The ’70s was an odd decade, writes political historian and Private Eye deputy editor Wheen (Marx’s Das Kapital: A Biography, 2007, etc.). People didn’t even have cell phones.
In a move guaranteed to make anyone who was there feel old, the author opens by noting the disbelief of a young BBC producer that Harold Wilson, then prime minister of the United Kingdom, did not have a mobile phone at his disposal. “The scene was deleted,” he writes. The ’70s were a grim period, with aftertastes of the Altamont tragedy at the beginning and the evils of disco and the frightening visage of Ronald Reagan near the end. In the middle there was Vietnam, Richard Nixon and a host of other maladies. The meat of Wheen’s lucid discussion is what can be considered a golden age of the paranoid style of politics, as the historian Richard Hofstadter put it, and of widespread paranoia in general. There were plenty of reasons to be paranoid, from Watergate-era wiretapping to the freewheeling antics of a host of terror-inducing groups, including the Symbionese Liberation Army, the Red Brigades, Scientologists and many more. In response, writes the author, came various emotional reactions manifested in the culture, from the anger epitomized by punk rock to the desperation of John Cleese’s TV character Basil Fawlty. Wheen has a pronounced talent for finding little tidbits of historical data that speak volumes. Few others would remember that Tom Hayden, ex of Jane Fonda, once belonged to a commune that worshipped North Korean dictator Kim Il-Sung, head of a state that Wheen dutifully visited once and pronounces about the worst place in the world. The author ably navigates the shattered landscape of the decade, which, for all its awfulness, has inspired a fair share of nostalgia. How else to explain another terror like Mamma Mia?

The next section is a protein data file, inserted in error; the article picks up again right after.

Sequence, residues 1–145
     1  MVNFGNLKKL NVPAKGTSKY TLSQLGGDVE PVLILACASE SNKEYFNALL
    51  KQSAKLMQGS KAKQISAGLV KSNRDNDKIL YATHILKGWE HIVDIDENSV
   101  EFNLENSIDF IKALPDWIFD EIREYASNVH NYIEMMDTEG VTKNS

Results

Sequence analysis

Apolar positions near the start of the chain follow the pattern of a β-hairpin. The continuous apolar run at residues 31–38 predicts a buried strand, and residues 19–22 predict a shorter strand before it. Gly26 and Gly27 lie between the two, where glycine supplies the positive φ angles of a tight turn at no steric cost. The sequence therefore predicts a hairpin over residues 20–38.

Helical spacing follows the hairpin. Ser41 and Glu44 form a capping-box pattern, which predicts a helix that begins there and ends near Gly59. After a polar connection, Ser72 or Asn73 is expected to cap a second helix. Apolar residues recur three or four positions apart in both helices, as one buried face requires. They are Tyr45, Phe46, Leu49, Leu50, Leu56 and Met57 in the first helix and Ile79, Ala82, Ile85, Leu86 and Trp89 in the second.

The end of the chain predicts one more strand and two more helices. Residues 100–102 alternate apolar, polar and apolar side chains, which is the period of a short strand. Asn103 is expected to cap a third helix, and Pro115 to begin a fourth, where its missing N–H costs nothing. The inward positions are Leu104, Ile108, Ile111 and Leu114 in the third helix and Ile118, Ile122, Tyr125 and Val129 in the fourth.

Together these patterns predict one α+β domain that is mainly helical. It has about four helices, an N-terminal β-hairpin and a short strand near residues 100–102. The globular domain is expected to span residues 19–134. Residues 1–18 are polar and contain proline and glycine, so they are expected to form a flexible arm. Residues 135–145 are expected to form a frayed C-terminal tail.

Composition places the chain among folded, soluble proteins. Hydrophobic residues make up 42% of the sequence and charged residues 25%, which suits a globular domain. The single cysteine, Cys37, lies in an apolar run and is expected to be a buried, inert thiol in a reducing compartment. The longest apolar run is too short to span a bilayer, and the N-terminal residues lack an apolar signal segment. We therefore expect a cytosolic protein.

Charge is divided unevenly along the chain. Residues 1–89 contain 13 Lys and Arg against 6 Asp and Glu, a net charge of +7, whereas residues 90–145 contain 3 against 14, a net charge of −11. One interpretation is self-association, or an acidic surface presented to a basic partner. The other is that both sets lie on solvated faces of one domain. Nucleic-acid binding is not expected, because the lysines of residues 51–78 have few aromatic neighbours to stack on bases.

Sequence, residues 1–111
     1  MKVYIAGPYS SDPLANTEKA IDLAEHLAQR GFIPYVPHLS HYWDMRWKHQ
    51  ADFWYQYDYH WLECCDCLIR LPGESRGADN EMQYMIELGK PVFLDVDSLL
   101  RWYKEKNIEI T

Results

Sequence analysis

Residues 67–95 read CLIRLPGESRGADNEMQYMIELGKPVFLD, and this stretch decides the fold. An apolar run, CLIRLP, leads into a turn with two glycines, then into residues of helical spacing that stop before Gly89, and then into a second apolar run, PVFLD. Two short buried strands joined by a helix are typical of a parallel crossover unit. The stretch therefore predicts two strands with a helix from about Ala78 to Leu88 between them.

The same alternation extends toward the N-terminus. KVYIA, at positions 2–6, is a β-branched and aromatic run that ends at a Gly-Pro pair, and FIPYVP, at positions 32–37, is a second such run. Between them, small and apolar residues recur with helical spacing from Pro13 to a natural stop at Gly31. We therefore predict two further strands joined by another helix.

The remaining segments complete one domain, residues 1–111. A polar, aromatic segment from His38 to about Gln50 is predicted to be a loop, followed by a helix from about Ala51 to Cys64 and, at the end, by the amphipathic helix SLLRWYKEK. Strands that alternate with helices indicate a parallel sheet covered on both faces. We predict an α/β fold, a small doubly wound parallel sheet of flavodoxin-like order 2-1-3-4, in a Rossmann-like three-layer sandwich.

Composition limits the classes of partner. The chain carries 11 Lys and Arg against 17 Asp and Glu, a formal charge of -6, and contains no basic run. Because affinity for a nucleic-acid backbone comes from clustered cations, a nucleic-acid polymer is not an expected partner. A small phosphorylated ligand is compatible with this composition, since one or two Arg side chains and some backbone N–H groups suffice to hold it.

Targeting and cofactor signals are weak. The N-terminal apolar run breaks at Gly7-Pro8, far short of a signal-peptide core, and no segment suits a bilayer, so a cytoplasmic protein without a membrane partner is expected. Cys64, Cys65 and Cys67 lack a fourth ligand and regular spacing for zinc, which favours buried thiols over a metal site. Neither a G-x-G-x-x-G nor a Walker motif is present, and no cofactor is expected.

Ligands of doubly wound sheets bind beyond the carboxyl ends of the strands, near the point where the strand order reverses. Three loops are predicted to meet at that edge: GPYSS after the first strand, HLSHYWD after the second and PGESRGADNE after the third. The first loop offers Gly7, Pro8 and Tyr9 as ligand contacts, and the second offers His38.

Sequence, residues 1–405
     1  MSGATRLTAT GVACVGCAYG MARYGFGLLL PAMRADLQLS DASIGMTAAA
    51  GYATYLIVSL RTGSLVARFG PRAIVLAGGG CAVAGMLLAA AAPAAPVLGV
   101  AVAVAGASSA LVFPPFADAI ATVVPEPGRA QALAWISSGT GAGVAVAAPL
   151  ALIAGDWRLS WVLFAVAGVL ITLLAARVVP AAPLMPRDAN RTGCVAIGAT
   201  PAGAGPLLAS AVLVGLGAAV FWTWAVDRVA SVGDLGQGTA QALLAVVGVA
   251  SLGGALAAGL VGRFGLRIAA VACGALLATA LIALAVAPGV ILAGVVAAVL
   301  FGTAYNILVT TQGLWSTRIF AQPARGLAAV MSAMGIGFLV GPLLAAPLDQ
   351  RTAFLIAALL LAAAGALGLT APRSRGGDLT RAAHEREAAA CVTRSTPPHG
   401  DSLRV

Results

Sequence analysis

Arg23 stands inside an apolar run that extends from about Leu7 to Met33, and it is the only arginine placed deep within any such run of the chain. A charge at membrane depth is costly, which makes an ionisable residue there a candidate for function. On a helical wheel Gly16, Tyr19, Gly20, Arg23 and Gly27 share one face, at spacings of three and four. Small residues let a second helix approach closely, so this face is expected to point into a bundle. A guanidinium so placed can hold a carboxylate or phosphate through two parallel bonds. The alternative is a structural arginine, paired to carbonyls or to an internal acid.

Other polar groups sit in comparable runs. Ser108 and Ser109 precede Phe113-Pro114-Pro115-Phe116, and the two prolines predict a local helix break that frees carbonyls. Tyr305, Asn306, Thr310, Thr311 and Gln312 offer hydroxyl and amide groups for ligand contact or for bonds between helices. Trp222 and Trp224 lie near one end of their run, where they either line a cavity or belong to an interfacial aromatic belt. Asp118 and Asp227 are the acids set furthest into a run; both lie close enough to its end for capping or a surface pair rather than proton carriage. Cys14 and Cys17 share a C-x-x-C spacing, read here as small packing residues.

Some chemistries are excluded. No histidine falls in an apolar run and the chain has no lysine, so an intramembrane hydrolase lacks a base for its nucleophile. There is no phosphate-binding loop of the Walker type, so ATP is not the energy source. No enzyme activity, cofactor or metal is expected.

Literate, authentic to period detail and often entertaining—a sight more interesting than David Frum’s How We Got Here (2000) and other historical treatments of a soul-testing decade.